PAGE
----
RTCWEB M. Thomson
Internet-Draft Mozilla
Intended status: Standards Track January 21, 2016
Expires: July 24, 2016

Application Layer Protocol Negotiation for Web Real-Time Communications (WebRTC)


Application Layer Protocol Negotiation (ALPN) labels are defined for use in identifying Web Real-Time Communications (WebRTC) usages of Datagram Transport Layer Security (DTLS). Labels are provided for identifying a session that uses a combination of WebRTC compatible media and data, and for identifying a session requiring confidentiality protection.

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Table of Contents

1. Introduction

Web Real-Time Communications (WebRTC) [I-D.ietf-rtcweb-overview] uses Datagram Transport Layer Security (DTLS) [RFC6347] to secure all peer-to-peer communications.

Identifying WebRTC protocol usage with Application Layer Protocol Negotiation (ALPN) [RFC7301] enables an endpoint to positively identify WebRTC uses and distinguish them from other DTLS uses.

Different WebRTC uses can be advertised and behavior can be constrained to what is appropriate to a given use. In particular, this allows for the identifications of sessions that require confidentiality protection.

1.1. Conventions and Terminology

At times, this document falls back on shorthands for establishing interoperability requirements on implementations: the capitalized words "MUST", "SHOULD" and "MAY". These terms are defined in [RFC2119].

2. ALPN Labels for WebRTC

The following identifiers are defined for use in ALPN:

The DTLS session is used to establish keys for a Secure Real-time Transport Protocol (SRTP) - known as DTLS-SRTP - as described in [RFC5764]. The DTLS record layer is used for WebRTC data channels [I-D.ietf-rtcweb-data-channel].
The DTLS session is used for confidential WebRTC communications, where peers agree to maintain the confidentiality of the media, as described in Section 3. However, data provided over data channels does not receive confidentiality protection.

Both identifiers describe the same basic protocol: a DTLS session that is used to provide keys for an SRTP session in combination with WebRTC data channels. Either SRTP or data channels could be absent. The data channels send Stream Control Transmission Protocol (SCTP) [RFC4960] over the DTLS record layer, which can be multiplexed with SRTP on the same UDP flow. WebRTC requires the use of Interactive Communication Establishment (ICE) [RFC5245] to establish the UDP flow, but this is not covered by the identifier.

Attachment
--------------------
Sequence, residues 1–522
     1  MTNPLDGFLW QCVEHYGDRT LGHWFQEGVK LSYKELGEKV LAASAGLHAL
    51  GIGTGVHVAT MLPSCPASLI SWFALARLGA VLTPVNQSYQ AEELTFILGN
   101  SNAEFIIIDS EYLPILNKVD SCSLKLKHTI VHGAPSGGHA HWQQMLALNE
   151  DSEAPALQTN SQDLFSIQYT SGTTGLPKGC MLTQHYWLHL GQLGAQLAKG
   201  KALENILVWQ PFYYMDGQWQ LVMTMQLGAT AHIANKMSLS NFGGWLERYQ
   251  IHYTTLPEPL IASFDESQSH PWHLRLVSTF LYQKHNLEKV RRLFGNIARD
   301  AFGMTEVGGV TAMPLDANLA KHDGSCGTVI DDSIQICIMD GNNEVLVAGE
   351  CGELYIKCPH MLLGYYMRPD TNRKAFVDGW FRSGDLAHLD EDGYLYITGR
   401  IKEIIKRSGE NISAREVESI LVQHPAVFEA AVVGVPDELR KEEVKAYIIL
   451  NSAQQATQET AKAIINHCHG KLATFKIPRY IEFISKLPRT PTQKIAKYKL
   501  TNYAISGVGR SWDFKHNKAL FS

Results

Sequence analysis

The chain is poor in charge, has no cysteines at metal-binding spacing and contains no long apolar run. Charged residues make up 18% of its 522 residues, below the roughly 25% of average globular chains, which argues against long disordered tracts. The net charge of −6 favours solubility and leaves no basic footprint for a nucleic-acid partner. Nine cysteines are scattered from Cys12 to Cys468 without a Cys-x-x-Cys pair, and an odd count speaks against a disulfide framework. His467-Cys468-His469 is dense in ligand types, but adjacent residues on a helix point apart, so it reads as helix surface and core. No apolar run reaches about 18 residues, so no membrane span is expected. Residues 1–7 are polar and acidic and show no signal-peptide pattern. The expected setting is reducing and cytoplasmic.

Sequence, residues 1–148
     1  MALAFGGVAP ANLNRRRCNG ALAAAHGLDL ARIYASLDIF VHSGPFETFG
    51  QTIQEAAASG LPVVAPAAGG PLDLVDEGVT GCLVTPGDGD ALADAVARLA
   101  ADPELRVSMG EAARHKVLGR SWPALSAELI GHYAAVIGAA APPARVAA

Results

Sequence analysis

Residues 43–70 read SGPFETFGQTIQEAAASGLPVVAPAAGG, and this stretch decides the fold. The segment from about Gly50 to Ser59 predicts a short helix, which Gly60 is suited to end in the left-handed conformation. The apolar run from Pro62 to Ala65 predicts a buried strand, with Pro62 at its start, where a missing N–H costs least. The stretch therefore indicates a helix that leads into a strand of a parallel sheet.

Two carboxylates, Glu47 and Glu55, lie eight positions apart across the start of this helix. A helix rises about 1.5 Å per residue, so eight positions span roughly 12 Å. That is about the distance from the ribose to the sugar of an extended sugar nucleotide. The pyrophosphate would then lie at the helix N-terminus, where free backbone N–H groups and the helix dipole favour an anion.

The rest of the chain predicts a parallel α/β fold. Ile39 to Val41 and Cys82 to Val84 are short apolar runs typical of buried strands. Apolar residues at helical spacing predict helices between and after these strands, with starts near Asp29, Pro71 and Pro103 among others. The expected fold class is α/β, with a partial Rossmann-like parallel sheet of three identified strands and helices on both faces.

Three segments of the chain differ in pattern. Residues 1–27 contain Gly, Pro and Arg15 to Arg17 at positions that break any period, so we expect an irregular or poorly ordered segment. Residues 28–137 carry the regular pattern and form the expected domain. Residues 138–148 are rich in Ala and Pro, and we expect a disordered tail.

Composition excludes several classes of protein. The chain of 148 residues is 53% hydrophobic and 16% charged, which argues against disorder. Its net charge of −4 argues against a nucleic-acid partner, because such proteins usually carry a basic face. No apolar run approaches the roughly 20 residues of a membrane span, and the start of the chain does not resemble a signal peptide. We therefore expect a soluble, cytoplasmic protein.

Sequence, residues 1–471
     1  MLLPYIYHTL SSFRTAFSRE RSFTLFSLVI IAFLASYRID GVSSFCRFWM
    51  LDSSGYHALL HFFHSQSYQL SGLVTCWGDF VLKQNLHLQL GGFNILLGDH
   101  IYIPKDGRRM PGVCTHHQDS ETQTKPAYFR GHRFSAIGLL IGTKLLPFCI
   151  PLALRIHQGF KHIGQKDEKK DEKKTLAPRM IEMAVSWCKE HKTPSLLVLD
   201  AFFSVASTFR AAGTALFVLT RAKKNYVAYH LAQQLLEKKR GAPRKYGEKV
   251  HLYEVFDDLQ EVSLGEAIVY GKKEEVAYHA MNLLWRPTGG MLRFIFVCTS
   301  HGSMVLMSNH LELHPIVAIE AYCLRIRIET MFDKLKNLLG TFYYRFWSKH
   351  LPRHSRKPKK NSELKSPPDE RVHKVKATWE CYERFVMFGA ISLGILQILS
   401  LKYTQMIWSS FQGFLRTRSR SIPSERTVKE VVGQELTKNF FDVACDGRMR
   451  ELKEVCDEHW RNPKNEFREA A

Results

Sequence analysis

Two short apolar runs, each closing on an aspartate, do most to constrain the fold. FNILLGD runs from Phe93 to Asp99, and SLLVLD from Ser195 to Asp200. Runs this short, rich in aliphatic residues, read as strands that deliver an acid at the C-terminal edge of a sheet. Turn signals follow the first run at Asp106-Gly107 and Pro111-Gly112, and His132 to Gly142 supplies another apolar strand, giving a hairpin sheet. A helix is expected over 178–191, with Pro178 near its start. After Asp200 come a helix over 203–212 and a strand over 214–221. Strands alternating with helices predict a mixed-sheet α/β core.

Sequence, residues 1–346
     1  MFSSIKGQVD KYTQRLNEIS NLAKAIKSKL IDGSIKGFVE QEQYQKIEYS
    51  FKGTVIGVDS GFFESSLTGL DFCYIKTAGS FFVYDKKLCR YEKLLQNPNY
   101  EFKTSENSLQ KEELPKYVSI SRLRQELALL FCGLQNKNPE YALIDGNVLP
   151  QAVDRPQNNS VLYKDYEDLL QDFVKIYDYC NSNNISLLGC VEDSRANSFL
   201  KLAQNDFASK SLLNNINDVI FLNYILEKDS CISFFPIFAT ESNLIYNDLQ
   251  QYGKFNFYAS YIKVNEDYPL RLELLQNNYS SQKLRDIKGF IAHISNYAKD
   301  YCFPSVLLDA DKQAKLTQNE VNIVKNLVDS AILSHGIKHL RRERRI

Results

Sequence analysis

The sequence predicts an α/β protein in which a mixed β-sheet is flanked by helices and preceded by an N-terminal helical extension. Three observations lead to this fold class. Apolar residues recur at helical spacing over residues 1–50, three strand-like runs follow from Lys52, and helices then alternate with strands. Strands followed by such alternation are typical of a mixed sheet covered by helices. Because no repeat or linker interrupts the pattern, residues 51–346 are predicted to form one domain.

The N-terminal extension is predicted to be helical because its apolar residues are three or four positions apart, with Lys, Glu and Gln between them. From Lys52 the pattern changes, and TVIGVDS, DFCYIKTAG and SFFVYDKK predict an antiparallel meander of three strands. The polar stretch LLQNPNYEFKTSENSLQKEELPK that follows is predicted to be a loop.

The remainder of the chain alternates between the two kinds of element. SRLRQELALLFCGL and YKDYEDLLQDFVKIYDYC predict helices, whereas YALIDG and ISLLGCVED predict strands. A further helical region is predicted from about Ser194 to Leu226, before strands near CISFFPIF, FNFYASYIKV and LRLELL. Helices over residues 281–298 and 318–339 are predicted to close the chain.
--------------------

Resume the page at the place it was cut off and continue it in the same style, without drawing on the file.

A more thorough definition of what WebRTC communications entail is included in [I-D.ietf-rtcweb-transports].

There is no functional difference between the identifiers except that an endpoint negotiating c-webrtc makes a promise to preserve the confidentiality of the media it receives.

A peer that is not aware of whether it needs to request confidentiality can use either form. A peer in the client role MUST offer both identifiers if it is not aware of a need for confidentiality. A peer in the server role SHOULD select webrtc if it does not prefer either.

3. Media Confidentiality

Private communications in WebRTC depend on separating control (i.e., signaling) capabilities and access to media [I-D.ietf-rtcweb-security-arch]. In this way, an application can establish a session that is end-to-end confidential, where the ends in question are user agents (or browsers) and not the signaling application.

Without some form of indication that is securely bound to the session, a WebRTC endpoint is unable to properly distinguish between session that requires confidentiality protection and one that does not. The ALPN identifier provides that signal.

A browser is required to enforce confidentiality using isolation controls similar to those used in content cross-origin protections (see Section 5.3 of [HTML5]). These protections ensure that media is protected from applications. Applications are not able to read or modify the contents of a protected flow of media. Media that is produced from a session using the c-webrtc identifier MUST only be displayed to users.

These confidentiality protections do not apply to data that is sent using data channels. Confidential data depends on having both data sources and consumers that are exclusively browser- or user-based. No mechanisms currently exist to take advantage of data confidentiality, though some use cases suggest that this could be useful, for example, confidential peer-to-peer file transfer. Alternative labels might be provided in future to support these use cases.

Generally speaking, ensuring confidentiality depends on authenticating the communications peer. This mechanism explicitly does not define a specific authentication method; a WebRTC endpoint that accepts a session with this ALPN identifier MUST respect confidentiality no matter what identity is attributed to a peer.